As with any ankle injury, clinical judgment, mechanism of injury and examination should guide the need for radiography. In most cases, the clinician may rely on the Ottawa ankle rules. These state that radiographic procedures are indicated if the patient has tenderness to palpation at the distal 6 cm of the fibula and the tibia, to the lateral and medial malleoli, respectively, and the base of the fifth metatarsal or tarsal navicular bone or the inability to bear weight immediately in the emergency department or office for four steps. These clinical guidelines have a reported sensitivity of 94% to 100% and specificity of 15% to 20%, and they have reduced the number of needless radiographs by approximately one third.18 A plain radiograph may be useful in diagnosing a grade 3 subluxation by visualisation of an avulsed piece of the lateral malleolus or fleck sign (fig. 4). The view that best evaluates the peroneal tubercle and the retrofibular groove is the Harris (axial) heel view.

The best modality to assess the integrity of peroneal tendons is MRI. Its soft tissue detail can provide information about the pathologic condition involving the SPR; the tendon sheath and integrity, tenosynovitis; and to a lesser extent, bony abnormalities. A computed tomography (CT) may be helpful in evaluating the osseous anatomy of the retromalleolar area in preparation for a retrofibular groove–deepening procedure.10

However, CT and MRI simply show a static view of the peroneal tendons and their positional relationship within or out of the retrofibular groove. This is not adequate to reveal an episodic subluxation. With the advent of dynamic ultrasound, more research is being conducted on using real-time sonographic imaging to assess the integrity and function of the peroneal tendons at the point of care. This specific modality may be more useful in assessing subluxation than a static MRI earning a positive predictive value of 100%.5 19 20 Ultrasound is also well suited to evaluate the architecture of the tendons for signs of tendinopathy, tears or tenosynovitis. The accuracy and reliability of this imaging modality may be affected by the sonographer's experience. However, in well-trained hands, ultrasonography can be useful in detecting subtle irregularities within a tendon. Rockett et al conducted a prospective study comparing ultrasound with MRI in the detection of peroneal tendon tears. Ultrasonography achieved an accuracy of 94%, with 100% sensitivity and 90% specificity, whereas MRI was 66% accurate, with 23% sensitivity and 100% specificity.21 Ultrasound was the modality of choice for diagnosing the newest described mechanism of intrasheath subluxation. Raikin reports 100% accuracy of the dynamic axial and longitudinal ultrasound to detect the intrasheath subluxation with intact SPR confirmed intraoperatively.16 With many musculoskeletal clinicians moving towards point-of-care diagnosis and therapeutic procedures utilising portable ultrasound machines, we may be better equipped to correctly diagnose peroneal tendon subluxations/dislocations in a timelier manner than previously reported.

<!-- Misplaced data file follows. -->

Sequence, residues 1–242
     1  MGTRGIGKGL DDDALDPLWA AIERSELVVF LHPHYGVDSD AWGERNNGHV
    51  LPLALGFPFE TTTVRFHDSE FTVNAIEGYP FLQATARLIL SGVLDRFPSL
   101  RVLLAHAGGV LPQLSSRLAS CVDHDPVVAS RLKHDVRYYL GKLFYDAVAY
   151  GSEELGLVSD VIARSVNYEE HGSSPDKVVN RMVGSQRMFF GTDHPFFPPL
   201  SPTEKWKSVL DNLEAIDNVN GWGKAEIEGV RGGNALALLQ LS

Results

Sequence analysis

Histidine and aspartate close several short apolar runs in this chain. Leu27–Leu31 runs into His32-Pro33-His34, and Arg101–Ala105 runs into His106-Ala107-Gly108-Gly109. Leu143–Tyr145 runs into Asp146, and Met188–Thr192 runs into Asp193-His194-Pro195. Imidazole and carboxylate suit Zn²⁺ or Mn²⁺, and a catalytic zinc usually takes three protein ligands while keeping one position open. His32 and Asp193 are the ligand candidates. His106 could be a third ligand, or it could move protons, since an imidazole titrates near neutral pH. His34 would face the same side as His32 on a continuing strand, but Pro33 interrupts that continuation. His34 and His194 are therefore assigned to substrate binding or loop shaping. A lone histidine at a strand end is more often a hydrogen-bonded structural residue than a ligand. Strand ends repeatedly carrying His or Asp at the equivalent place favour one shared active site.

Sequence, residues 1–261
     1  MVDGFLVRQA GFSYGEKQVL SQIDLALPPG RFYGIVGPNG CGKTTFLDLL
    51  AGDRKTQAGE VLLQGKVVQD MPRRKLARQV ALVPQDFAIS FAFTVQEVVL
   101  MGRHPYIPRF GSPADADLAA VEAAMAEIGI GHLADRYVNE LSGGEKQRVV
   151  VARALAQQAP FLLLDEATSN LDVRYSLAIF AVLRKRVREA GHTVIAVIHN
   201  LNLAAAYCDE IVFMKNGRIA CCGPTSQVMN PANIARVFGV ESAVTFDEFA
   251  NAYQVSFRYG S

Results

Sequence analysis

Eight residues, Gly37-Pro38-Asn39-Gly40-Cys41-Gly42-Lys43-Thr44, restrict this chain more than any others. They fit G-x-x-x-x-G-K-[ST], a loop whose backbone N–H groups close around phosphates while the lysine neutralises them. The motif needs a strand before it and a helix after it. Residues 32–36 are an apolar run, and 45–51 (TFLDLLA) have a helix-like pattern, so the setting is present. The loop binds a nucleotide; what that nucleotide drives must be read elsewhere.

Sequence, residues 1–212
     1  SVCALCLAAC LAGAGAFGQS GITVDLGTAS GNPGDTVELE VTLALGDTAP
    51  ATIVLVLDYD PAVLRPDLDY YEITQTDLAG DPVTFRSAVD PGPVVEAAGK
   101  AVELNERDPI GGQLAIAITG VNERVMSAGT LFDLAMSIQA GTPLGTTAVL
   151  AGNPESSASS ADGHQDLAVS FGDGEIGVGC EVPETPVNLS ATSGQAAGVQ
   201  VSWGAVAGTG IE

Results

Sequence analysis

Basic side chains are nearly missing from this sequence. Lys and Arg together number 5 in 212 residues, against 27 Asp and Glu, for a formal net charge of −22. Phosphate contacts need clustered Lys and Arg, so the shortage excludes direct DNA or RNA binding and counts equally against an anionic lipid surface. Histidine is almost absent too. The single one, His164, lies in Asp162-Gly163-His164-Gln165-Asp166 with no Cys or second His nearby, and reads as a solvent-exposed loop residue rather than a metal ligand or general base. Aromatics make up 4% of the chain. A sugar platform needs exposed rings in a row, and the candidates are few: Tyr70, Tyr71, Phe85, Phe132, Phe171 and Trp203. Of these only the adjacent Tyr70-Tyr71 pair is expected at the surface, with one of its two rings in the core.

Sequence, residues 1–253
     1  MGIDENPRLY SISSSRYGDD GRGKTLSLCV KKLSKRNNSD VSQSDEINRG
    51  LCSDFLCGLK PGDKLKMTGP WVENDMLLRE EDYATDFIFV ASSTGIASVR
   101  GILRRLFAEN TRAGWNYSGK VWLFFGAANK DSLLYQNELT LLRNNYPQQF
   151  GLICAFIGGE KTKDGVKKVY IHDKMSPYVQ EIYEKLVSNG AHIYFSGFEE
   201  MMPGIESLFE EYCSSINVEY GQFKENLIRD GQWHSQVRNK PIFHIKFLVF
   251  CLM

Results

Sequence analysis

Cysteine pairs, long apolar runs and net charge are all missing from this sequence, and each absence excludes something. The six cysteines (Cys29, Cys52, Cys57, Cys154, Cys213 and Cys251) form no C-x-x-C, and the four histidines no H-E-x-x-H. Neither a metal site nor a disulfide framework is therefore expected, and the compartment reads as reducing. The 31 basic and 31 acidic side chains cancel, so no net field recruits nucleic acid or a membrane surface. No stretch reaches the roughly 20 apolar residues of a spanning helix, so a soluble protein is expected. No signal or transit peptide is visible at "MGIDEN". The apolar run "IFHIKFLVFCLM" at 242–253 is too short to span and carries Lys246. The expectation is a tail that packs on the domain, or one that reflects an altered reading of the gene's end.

Treatment

Conservative treatment may be considered an option for an acute injury only. Its generally poor success rates, 40% to 57%,22 make it a less-than-desirable option for high-level athletes. Treatment includes immobilisation of the ankle joint in a cast, walking boot or taping. Various methods and positions have been described. The purpose is to immobilise the peroneal tendons in their correct anatomical location until the SPR heals or tightens down. Positioning the ankle in slight plantar flexion and inversion allows the tendons to be neutral for healing.23 Typically, patients are instructed to be non–weight bearing for 2 weeks, followed by 4 weeks in a walking boot. After this, the patient can begin physical therapy with active range of motion and proprioceptive and strength training. Siegel et al described a taping technique involving a lateral malleolar cup that was successful in preventing recurrent subluxation. This was described in the pediatric population for which surgery may be delayed until completion of bone growth.24 Although satisfactory in some cases, most patients eventually require surgery. Escalas et al reported a study of 38 patients with acute peroneal subluxation; after several weeks of conservative therapy, 28 (74%) patients had no improvement and required surgery.25

Surgical correction seems to offer the best results for acute peroneal tendon subluxation and is the only option for recurrent subluxation. It is recommended in younger, higher-level athletes who desire a rapid return to play. Surgical stabilisation may avoid secondary pathologic changes such as tendinopathy or tears that may occur with chronic instability and subluxation. Many operative techniques have been described that have uniformly excellent results. At this point, no prospective randomised studies have been conducted to declare superiority of one study over another.5 22